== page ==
Basically, static methods belong to a type while instance methods belong to instances of a type.

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Does it mean that for a Customer object, having an instance method like "GetAge()" and a staticmethod like "CustomerHelper.GetCustomersFromState(int stateId)" is the right way to do ? –  Shyju Jan 5 '12 at 20:07
    
GetAge makes sense as an instance method. I'm not clear on the latter though. –  Mehrdad Afshari Jan 5 '12 at 21:18
    
@MehrdadAfshari So CustomerDAL class which has a method GetAllCustomers(..)....same as EmployeeDAL which has GetAllEmployees().....should be instance methods ? and if so - what kind of method (please supply example) should be static in those classes ? –  Royi Namir Dec 31 '12 at 12:28
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If by being faster you mean the code inside the method is executed faster, then no. A code in a static method is just as fast as code in a non static method.

If your are talking about the overhead of performing the call to the method it becomes a little more complex. It is common for languages as Java that instance calls have more overhead. In C# this is not the case however because instance methods are not virtual by default.

So a virtual method has slightly more overhead than a non virtual method. Static methods cannot be virtual, but instance methods can be declared virtual.

As for Garbage collection, this is mainly relevant for fields, not methods. Static fields can be accessed from everywhere in the code so the garbage collector can't determine if the reference will be used again, so it is never collected.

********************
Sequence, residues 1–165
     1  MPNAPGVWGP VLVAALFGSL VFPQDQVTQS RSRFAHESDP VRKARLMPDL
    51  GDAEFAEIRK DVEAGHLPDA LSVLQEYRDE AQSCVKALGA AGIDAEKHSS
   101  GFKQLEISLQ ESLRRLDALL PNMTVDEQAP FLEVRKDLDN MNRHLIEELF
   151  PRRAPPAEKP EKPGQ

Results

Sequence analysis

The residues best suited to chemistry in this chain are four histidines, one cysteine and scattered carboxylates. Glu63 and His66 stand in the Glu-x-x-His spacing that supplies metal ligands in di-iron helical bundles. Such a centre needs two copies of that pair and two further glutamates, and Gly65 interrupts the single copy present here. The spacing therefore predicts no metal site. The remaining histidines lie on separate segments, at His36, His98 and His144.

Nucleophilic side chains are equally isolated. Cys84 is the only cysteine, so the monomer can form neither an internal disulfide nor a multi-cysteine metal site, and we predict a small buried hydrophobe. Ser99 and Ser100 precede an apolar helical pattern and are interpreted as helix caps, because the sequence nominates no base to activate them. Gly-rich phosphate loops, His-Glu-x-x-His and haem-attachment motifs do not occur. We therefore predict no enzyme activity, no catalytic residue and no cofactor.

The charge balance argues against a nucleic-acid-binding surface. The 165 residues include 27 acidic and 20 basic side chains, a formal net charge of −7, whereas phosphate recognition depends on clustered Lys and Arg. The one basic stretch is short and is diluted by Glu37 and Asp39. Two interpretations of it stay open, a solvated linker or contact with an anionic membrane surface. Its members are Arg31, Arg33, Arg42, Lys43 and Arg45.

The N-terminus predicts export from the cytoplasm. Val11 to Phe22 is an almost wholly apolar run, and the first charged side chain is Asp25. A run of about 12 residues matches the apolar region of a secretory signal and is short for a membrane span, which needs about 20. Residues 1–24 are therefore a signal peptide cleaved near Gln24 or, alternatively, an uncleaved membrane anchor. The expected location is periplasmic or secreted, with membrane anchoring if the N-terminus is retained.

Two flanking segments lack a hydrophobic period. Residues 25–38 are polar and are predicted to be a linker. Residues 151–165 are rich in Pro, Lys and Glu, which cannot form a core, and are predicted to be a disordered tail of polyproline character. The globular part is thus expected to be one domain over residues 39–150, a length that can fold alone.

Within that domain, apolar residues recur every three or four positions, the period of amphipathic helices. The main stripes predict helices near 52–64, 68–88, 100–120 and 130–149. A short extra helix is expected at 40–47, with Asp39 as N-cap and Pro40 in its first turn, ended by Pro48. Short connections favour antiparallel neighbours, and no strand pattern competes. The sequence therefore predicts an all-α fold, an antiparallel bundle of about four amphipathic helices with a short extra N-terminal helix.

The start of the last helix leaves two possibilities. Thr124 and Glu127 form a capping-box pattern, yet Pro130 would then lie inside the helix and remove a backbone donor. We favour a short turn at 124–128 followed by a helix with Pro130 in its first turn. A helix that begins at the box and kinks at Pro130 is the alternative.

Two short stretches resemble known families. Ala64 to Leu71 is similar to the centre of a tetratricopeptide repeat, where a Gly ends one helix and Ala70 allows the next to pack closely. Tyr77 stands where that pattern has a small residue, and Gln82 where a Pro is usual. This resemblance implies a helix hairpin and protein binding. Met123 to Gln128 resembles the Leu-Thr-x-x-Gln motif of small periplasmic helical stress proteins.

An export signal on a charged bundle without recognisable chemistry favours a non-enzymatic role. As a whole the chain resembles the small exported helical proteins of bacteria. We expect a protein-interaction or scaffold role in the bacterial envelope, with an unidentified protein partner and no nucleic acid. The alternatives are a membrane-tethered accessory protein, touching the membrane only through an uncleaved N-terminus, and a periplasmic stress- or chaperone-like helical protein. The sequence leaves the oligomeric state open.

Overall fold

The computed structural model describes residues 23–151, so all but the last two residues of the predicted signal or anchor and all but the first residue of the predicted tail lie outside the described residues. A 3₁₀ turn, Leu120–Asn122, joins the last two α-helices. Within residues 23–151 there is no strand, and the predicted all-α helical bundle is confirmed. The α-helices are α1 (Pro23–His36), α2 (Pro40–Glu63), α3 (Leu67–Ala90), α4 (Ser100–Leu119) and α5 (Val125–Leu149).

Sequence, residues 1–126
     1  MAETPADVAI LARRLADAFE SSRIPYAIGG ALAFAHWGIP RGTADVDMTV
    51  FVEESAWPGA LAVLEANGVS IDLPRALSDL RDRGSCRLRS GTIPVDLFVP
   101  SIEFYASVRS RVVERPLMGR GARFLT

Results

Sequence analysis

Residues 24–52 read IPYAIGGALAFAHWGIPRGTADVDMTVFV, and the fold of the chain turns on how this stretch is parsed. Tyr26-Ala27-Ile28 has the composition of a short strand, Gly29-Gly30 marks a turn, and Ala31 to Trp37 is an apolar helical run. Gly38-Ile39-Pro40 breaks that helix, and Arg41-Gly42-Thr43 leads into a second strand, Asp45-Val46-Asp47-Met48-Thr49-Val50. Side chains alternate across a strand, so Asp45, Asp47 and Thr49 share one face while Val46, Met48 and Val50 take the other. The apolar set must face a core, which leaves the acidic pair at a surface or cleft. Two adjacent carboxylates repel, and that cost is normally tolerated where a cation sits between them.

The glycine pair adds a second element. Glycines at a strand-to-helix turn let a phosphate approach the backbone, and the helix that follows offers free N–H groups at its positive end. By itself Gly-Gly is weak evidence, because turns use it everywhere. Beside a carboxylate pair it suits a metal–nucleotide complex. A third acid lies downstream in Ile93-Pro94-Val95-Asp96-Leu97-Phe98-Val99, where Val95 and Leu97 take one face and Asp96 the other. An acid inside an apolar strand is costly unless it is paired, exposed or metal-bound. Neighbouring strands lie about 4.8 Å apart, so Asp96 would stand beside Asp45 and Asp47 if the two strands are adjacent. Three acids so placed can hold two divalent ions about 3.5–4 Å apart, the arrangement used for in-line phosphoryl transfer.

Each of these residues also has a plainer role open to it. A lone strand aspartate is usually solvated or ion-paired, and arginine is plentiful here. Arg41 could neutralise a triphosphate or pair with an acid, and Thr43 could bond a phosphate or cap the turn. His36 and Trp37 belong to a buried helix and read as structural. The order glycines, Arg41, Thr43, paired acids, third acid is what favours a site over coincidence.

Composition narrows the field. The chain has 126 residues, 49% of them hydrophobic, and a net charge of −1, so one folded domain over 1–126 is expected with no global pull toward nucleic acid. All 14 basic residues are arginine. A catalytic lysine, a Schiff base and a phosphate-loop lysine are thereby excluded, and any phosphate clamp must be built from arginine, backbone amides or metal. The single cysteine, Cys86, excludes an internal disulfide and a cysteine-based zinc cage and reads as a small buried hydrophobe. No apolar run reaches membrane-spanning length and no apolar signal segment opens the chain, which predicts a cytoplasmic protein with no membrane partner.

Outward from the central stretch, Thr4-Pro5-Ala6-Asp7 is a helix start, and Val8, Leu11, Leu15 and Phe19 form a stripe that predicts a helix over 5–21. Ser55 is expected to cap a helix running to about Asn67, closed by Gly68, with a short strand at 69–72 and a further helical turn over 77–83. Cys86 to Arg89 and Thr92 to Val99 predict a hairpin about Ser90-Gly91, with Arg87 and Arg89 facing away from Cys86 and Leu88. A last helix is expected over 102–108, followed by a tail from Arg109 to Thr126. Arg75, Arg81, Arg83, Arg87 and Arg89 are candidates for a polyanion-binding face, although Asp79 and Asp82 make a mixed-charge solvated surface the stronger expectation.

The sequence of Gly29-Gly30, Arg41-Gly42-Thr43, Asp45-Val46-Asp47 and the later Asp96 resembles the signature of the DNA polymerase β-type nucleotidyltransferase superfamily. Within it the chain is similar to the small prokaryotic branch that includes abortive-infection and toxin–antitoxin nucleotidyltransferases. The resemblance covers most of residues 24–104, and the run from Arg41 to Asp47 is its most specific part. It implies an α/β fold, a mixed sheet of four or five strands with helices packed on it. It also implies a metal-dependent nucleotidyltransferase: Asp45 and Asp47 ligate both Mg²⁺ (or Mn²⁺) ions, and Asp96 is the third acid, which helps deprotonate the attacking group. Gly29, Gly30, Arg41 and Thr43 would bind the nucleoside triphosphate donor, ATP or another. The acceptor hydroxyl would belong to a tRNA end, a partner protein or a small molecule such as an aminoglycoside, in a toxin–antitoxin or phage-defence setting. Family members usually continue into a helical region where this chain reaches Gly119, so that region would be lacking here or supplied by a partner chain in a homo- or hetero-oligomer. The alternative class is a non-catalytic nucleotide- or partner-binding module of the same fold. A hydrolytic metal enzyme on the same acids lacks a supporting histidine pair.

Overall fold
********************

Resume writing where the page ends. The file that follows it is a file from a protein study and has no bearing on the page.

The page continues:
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Based on your example, I would write a static utility function to find the distance between two points:

public static class Geometry
{
    public static double GetDistanceBetween(Point a, Point b) { ... }
}

And then I would give Person a property called Position that returned a point. So I could write:

double distance = Geometry.GetDistanceBetween(personA.Position, personB.Position);

It's practically in English already - why make it more obscure? If you make Distance a method, then you can write:

personA.Distance(personB)

or:

personB.Distance(personA)

There's no difference between those two orderings, and yet the use of method-call syntax suggests that there might be a difference.

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Thanks, yeah Position is a property in my Person class. But these operations are constructed by the user via a schematic graph. So I wanted to have a unified way of doing it, but also having the ability to use them directly without creating any schematic items in the UI. –  Joan Venge Feb 27 '09 at 20:29
    
Btw I didn't get the second part. You mean personA.Distance(personB) and Extensions.Distance is the same? –  Joan Venge Feb 27 '09 at 20:30
    
First I ask personA to work out the distance to personB, then I ask personB to work out the distance to personA. The two people are swapped. By making it a method, you imply that the person is figuring it out in their own unique, which is misleading. I'm recommending against adding a Distance method –  Daniel Earwicker Feb 27 '09 at 20:40
    
I don't know what you mean by the user constructing the operations. Could you go into more detail in your question? –  Daniel Earwicker Feb 27 '09 at 20:41
    
Thanks. You mean I should have a static Distance method? Or are you talking about the instance method? Another thing to note is I am trying to have LINQ style syntax, like person.A().B().C().D() ... –  Joan Venge Feb 27 '09 at 20:47